1. Jen brings up very interesting points in this blog. In her first point, the thought of the irrelevance of truth about some topics such as murder or raping babies is very unique. Such concepts are just accepted in society and do not need a subjective or objective truth. Maybe a type of
    " definate reason" can be introduced that is either subjective nor obective but it is a type of reason that is accepted by all of society without further debate.
    Her last point about disbelief caused by doubt is very striking. The classification for such a relationship that is based on disbelief is thought provoking. I wonder if there should be another type of Abolsute realm because "losing faith" is a concept that is not universal and should not be considered in the ethical realm as Jen said and " losing faith" would be another type of singular experience.

  2. I think the fact that society has deemed acts such as murder never okay, these ethics must be accepted on an individual level, or else they have no meaning or power. Also, I do think it is relevant for the individual to internalize these ethics, question, and qualify them. I personally don't commit murder not because I don't want to go to jail or because a law tells me not to, I don't murder because of my own convictions, which are obviously influenced by my environment and the society I grew up in. What's important though, is to be able to live according to you own subjectivity and not just accept the fact that murder is wrong and leave it at that. Even though in this case, starting out with accepting the previous statement is a good starting point. Justifying it is the next.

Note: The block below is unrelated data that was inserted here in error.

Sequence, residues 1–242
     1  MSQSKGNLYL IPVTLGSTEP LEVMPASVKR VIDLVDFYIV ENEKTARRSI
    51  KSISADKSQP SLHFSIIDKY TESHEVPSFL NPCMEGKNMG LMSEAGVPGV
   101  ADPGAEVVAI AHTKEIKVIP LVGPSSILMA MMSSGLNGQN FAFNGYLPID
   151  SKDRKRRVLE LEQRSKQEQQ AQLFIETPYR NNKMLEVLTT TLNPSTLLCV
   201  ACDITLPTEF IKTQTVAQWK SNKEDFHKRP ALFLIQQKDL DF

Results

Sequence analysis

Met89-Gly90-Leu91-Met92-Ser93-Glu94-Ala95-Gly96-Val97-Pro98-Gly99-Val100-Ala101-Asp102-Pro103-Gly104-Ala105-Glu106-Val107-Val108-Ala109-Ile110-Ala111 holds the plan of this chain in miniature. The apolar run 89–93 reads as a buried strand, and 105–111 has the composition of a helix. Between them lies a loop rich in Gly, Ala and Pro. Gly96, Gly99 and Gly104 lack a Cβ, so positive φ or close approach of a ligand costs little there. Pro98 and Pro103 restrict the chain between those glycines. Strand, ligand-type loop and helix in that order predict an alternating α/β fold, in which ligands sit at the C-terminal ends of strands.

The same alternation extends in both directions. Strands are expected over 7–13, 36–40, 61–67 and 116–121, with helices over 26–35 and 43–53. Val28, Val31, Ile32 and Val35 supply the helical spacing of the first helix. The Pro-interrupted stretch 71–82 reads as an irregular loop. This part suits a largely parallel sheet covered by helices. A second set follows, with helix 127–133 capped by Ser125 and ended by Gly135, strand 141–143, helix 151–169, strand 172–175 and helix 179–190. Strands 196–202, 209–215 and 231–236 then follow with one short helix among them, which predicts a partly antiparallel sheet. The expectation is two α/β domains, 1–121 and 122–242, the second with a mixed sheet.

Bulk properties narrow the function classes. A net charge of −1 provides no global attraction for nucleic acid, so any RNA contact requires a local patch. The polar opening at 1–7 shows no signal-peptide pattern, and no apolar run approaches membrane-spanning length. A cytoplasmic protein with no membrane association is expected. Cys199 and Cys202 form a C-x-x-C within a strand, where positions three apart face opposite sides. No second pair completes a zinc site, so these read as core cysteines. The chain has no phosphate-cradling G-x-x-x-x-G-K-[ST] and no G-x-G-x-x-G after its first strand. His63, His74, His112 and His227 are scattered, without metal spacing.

3. It seems to me that murder is too easy of an example for objective morality. I don't murder people, not because the law tells me not to, not because of my personal convictions against murder, but because I have no reason to. (Obviously this is not personally true, but you see my point.) I wouldn't murder if it was acceptable because I still wouldn't have a reason to. Basically, the law and morals can only strengthen one's conviction against murder, but one cannot say that there is not a circumstance when he would not murder someone. This is because murder itself is too subjective to be objectified. Lets face it, none of us has ever seriously considered murdering someone.

    Also, I feel that an experience that causes one to lose faith is obviously in the singular realm because it is personal and it is not between you and the absolute.

  4. I think you raise an interesting point with regard to murder, rape, etc. I think it makes a lot of sense that some acts such as these seem inherently wrong to human beings, or rather are objectively wrong to us. Call it evolution or what you will, but I am not so sure that we are completely void of any predisposition towards not committing these egregious acts. This might be in some way contrary to the existentialist precept existence before essence, but it nevertheless seems apparent in our inability to rationalize or justify raping babies in class.